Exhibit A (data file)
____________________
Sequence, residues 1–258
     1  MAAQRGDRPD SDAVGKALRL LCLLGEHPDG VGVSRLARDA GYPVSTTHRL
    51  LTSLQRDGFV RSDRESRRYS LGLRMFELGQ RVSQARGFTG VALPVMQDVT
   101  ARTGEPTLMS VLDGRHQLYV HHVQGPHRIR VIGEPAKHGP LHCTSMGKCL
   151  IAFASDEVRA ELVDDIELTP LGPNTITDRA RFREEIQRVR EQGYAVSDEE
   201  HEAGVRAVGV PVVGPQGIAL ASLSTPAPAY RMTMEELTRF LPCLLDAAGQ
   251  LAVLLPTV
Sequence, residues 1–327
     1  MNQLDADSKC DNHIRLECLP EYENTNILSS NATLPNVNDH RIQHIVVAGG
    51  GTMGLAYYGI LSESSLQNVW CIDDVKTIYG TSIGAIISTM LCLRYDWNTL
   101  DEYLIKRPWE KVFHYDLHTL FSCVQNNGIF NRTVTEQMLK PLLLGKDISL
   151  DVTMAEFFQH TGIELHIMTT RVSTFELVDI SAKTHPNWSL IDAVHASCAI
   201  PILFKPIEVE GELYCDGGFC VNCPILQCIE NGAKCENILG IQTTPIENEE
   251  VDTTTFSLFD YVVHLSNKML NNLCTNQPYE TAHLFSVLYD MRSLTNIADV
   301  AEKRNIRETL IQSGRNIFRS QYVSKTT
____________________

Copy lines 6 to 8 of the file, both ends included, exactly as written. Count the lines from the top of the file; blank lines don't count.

   201  HEAGVRAVGV PVVGPQGIAL ASLSTPAPAY RMTMEELTRF LPCLLDAAGQ
   251  LAVLLPTV
Sequence, residues 1–327